The War That Made Asia: How the Opium War Crushed China
European countries First Illegal Drug Trafficking to China led to “The Opium War, China’s Defeat”
In 1839, England went to war with China because it was upset that Chinese officials had shut down its drug trafficking racket and confiscated its dope.
Stating the historical record so plainly is shocking — but it’s true, and the consequences of that act are still being felt today.
The Qing Dynasty, founded by Manchurian clans in 1644, expanded China’s borders to their farthest reach, conquering Tibet, Taiwan and the Uighur Empire. However, the Qing then turned inward and isolationist, refusing to accept Western ambassadors because they were unwilling to proclaim the Qing Dynasty as supreme above their own heads of state.
Foreigners — even on trade ships — were prohibited entry into Chinese territory.
The exception to the rule was in Canton, the southeastern region centered on modern-day Guangdong Province, which adjoins Hong Kong and Macao. Foreigners were allowed to trade in the Thirteen Factories district in the city of Guangzhou, with payments made exclusively in silver.
The British gave the East India Company a monopoly on trade with China, and soon ships based in colonial India were vigorously exchanging silver for tea and porcelain. But the British had a limited supply of silver.
More War, More Opium:
Imperialism was on the upswing by the mid-1800s. France muscled into the treaty port business as well in 1843. The British soon wanted even more concessions from China — unrestricted trade at any port, embassies in Beijing and an end to bans on selling opium in the Chinese mainland.
One tactic the British used to further their influence was registering the ships of Chinese traders they dealt with as British ships.
The pretext for the second Opium War is comical in its absurdity. In October 1856, Chinese authorities seized a former pirate ship, the Arrow, with a Chinese crew and with an expired British registration. The captain told British authorities that the Chinese police had taken down the flag of a British ship.
The British demanded the Chinese governor release the crew. When only nine of the 14 returned, the British began a bombardment of the Chinese forts around Canton and eventually blasted open the city walls…. Read more at Nationalinterest.org
Philippine President Rodrigo Duterte has described European lawmakers as "crazies" in a salty-tongued rebuttal to criticism of his deadly drug war, while vowing again that all traffickers will be killed. PHOTO: REUTERS
Duterte to EU: Stop meddling in Philippine affairs
President Rodrigo Duterte once again hit back at the European Union (EU) for meddling with the issues of the Philippines.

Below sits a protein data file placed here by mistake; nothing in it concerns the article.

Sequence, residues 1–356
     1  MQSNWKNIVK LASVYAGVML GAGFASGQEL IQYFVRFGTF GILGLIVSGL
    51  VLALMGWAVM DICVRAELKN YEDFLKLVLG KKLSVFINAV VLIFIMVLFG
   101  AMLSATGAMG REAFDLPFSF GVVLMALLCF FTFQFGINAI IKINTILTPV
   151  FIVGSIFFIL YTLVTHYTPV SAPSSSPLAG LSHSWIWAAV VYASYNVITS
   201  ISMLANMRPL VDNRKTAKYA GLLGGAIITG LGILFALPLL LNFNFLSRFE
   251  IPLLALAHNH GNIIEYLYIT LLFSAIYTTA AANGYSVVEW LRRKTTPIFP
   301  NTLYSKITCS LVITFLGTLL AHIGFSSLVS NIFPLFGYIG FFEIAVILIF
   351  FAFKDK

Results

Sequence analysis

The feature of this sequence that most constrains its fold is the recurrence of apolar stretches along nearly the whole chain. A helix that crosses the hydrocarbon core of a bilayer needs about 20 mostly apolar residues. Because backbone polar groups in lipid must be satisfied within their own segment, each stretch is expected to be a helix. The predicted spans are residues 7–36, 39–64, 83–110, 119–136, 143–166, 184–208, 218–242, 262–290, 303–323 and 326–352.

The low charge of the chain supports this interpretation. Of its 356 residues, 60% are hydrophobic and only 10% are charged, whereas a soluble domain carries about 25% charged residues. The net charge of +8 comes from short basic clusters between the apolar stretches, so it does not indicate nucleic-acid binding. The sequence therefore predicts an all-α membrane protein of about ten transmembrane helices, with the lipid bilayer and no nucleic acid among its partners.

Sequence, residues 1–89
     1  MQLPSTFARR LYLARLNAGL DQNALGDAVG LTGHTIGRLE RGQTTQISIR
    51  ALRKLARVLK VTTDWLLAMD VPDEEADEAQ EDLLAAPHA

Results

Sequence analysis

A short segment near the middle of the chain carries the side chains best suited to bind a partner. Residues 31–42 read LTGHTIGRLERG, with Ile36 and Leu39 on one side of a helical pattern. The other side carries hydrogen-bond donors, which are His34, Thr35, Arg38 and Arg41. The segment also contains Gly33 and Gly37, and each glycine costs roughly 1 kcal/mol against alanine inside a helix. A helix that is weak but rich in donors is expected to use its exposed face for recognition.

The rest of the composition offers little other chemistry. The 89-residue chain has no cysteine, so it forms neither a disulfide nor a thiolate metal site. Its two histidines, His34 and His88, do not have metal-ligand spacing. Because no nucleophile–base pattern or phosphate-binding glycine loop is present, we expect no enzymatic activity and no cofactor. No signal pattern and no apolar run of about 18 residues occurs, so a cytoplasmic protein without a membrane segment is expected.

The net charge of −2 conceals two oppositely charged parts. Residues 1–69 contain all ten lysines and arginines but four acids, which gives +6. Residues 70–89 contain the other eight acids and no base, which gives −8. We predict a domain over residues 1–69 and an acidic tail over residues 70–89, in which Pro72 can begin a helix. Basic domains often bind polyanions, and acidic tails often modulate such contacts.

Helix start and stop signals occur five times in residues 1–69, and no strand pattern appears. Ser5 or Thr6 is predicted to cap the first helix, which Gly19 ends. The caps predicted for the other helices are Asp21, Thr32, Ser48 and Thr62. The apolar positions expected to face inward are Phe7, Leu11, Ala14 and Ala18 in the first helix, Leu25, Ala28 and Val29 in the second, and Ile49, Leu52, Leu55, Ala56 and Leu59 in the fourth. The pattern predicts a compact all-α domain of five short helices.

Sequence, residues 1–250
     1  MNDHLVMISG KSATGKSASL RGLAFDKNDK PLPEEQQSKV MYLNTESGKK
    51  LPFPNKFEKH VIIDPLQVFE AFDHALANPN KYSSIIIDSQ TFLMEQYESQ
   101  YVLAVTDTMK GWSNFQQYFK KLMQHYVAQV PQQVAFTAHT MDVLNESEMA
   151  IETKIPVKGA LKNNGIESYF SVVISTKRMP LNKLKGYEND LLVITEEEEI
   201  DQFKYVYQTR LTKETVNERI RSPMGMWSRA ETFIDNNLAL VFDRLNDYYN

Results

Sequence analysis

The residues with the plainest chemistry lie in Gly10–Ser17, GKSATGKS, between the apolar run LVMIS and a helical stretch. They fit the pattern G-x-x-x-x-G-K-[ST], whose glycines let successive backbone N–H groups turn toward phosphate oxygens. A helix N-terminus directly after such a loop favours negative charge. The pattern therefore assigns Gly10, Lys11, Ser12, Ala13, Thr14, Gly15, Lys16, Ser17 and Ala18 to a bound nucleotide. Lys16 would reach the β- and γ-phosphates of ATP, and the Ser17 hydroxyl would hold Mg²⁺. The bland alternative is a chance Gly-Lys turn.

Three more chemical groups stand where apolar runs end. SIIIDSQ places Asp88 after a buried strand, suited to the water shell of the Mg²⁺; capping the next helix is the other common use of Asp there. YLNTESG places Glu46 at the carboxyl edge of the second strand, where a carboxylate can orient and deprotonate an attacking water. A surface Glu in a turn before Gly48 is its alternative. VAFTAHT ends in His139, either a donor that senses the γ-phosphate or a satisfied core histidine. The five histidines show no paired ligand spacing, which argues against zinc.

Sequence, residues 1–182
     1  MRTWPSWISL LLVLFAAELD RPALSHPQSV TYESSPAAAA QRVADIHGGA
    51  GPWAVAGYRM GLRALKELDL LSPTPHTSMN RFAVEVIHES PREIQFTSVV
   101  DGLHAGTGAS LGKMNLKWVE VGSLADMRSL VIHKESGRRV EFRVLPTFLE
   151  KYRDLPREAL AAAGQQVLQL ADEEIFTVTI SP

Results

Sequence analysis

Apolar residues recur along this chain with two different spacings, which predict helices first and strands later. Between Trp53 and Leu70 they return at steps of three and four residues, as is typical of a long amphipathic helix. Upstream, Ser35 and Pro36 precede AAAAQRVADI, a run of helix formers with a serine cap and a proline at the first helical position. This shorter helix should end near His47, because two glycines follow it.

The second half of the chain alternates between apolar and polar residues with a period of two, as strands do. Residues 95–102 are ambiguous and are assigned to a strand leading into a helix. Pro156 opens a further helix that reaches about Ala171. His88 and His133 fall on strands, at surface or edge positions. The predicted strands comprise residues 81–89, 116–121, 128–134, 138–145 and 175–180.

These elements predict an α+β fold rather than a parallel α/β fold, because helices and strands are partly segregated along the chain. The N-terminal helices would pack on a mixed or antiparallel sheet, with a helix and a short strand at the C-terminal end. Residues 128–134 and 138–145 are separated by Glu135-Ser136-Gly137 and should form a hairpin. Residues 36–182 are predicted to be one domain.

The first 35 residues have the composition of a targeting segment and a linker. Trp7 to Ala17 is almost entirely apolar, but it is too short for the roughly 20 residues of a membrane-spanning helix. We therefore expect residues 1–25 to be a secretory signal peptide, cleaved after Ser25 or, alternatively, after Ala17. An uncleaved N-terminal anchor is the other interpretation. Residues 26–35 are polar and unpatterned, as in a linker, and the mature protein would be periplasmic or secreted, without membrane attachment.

"Why are you trying to impose on us?" he said in a speech Sunday at a meeting with the Filipino community in Myanmar, where he was on a two-day official visit.
"Why won't you mind your own business," he added.
Duterte's statements come after the European Parliament on Friday issued a joint resolution calling for the release of Senator Leila De Lima, who was arrested on February 24 on drug charges.
The President also responded to the body's suggestion that the ongoing drug war must go hand-in-hand with measures for prevention and detoxification, including the opening of new rehabilitation centers.
"This EU Parliament, prinopose nila lahat na lang na addicts, bigyan nalang," Duterte said. "Kung shabu, bigyan ng shabu. Kung cocaine, bigyan ka ng cocaine. Magpunta ka lang sa center."
[Translation: This EU Parliament is proposing that we just give drugs to addicts. If they're addicted to shabu, we should give them shabu. If they're addicted to cocaine, we should give them cocaine. They just need to go to the center.]
The government has moved into the second phase of its war on drugs by shifting towards reforming drug dependents by building more rehabilitation centers, Presidential Spokesperson Ernesto Abella said in October 2016.
Duterte and the EU
Duterte has chastised the EU since it criticized the war on drugs he launched in July 2016.
In September 2016, he challenged the United Nations and EU lawyers to come to the Philippines to prove their claims of alleged extrajudicial killings related to the drug war.
The President said he should be given the opportunity to be heard by them.
"In keeping with the time-honored principle of the right to be heard, matapos nila akong tanungin, tatanungin ko sila. Iisa-isahin ko sila," he said. "Manood kayo. Tignan niyo kung paano ko lampasuhin yang mga yawa na 'yan."
[Translation: In keeping with the time-honored principle of the right to be heard, I will ask them. Each one of them. You watch. Watch me discredit those idiots.]
In October 2016, Duterte challenged the United States and the EU to pull out their aid to the Philippines.
"If you think it is high time for you guys to withdraw your assistance, go ahead," he said. "We will not beg for it," Duterte said.
Meanwhile, EU Trade Commissioner Cecilia Malmstrom said at the ASEAN Economic Ministers' EU Trade Consultations earlier this month that the Philippines's human-rights record — from the war on drugs to the proposed reimposition of the death penalty — could be a sticking point in free-trade agreements between Philippines and the EU.
"The European Parliament and member-states have some concerns about this development," she said."We are discussing this with our partners in the Philippines."
Trade Secretary Ramon Lopez said if the EU doesn't budge on its allegations of alleged extrajudicial killings, the Philippines would not be swayed by conditions imposed on it by international bodies.